Kolkata, India – Aldous Huxley in his book, The Doors of Perception, a travelogue of his mescaline-fueled trip through the mental landscape, compares the mind to a reducing valve. Every sentient individual is in touch with and is aware of all that is happening anywhere else but to preserve sanity in the face of an intolerable information overload, the mind chokes off most of the information and restricts itself to the safety and comfort of his local environment. The concept of a universal mind or consciousness, the brahman, of which an individual or atman is but an image is also the foundation of Sankara’s Advaita Vedanta. Both Huxley and Sankara in their own way suggest that all “minds” in the universe are somehow connected together and are in a position to share information. Doesn’t this ring a bell somewhere?
A telephone bell perhaps ? Since every telephone on this planet is connected, or certainly connectable, to every other telephone that exists. Then you have the internet where again every computer is a part of a gigantic computer network and by extension we are talking about the internet-of-things where domestic and industrial gadgets would be able to communicate among themselves and make a difference to our lives.
But can minds communicate with each other? without the obvious intermediation of, say, normal speech or the printed word? Can we bypass the traditional sensory organs and establish a direct contact between two minds? Strange as it may seem, this is no more in the domain of myth or even science fiction. It is something that is just around the corner in hospital and university labs.
It all began in 1998 with Kevin Warwick at the University of Reading, UK where he managed to open doors by simply thinking about it. It was no magic but pure science where signals from nervous system were picked up and transmitted through RFID enabled implant on his hand to a electro-mechanical device that opens doors. This technology was subsequently picked up by medical engineers who have now enabled paraplegics to control the movement of wheelchairs by thought — similar in concept to what was proposed by Craig Thomas in his book Firefox, the thought controlled Russian fighter plane. At the retail and commercial level, Emotiv has developed an easy to use, non-intrusive cap that allows players in a computer game to make moves by simply thinking about them and many products — devices and applications — that allow thought control are now available at the retail level.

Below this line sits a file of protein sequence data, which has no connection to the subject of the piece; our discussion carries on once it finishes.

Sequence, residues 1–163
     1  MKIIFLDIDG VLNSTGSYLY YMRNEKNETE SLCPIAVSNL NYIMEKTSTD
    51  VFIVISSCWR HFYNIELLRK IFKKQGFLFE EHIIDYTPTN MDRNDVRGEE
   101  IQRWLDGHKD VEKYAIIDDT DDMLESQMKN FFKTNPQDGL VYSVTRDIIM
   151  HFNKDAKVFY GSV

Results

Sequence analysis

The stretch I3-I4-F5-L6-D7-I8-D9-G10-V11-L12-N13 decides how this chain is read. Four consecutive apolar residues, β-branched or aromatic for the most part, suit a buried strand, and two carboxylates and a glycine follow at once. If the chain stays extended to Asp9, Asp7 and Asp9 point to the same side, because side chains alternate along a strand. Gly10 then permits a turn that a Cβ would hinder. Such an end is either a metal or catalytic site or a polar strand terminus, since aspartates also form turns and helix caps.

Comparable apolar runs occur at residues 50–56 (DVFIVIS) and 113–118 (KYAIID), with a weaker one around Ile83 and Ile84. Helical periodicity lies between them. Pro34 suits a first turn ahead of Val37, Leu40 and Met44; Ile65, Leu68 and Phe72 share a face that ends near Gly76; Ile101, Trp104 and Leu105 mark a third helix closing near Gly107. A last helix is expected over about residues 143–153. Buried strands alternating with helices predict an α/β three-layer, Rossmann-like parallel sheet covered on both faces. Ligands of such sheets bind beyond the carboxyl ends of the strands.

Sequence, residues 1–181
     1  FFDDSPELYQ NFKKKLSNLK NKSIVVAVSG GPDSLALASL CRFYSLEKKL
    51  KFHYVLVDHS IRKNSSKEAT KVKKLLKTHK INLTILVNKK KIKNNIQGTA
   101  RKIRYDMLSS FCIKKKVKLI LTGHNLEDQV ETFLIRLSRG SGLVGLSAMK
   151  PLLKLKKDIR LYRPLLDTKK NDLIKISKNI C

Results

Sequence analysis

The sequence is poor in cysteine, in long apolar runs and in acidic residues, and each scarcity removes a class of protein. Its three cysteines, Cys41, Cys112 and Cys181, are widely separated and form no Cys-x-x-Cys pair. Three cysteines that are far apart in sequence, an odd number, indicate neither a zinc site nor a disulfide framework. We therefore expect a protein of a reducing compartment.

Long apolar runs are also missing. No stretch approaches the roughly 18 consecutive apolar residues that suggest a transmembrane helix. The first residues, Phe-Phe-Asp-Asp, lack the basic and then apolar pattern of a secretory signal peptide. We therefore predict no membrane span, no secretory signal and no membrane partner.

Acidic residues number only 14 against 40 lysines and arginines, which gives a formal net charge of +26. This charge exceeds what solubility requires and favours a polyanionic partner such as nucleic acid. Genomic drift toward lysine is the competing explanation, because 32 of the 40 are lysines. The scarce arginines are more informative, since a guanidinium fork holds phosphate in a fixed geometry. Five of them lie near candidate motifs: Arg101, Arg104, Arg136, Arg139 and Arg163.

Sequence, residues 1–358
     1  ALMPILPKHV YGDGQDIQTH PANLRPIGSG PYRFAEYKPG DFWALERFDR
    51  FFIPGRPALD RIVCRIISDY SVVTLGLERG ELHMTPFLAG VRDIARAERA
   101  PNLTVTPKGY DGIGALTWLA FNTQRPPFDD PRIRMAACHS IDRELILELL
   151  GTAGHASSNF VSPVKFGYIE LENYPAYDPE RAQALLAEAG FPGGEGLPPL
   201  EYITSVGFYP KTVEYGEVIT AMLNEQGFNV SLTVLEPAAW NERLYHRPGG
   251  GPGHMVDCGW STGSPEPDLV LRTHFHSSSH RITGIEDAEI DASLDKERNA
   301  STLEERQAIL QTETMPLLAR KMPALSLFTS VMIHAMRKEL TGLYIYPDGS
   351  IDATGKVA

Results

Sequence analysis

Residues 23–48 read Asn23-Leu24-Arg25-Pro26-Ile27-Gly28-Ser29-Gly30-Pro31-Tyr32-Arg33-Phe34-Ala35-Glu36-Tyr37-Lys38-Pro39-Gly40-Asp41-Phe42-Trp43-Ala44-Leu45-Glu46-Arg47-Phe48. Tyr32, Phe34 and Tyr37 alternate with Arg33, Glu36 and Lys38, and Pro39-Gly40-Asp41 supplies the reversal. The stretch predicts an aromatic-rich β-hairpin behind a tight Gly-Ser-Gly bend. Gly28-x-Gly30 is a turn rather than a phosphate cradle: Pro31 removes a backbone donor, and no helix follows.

Outbound signals, from the brain to the world are interesting but what is even more useful are inbound signals of the kind that are processed in bionic eyes and allow blind people to “see” the world around them — in a rather fuzzy manner, at the moment — by delivering the feed from cameras directly into part of the brain that normally processes information received from nerves in the eye. Recently, both outbound and inbound signals have been hooked together at Harvard where it has been demonstrated that a rat can be made to wag its tail by a human being who simply thinks, or “wills”, about the action. The last lap from man to man has also been demonstrated at the University of Washington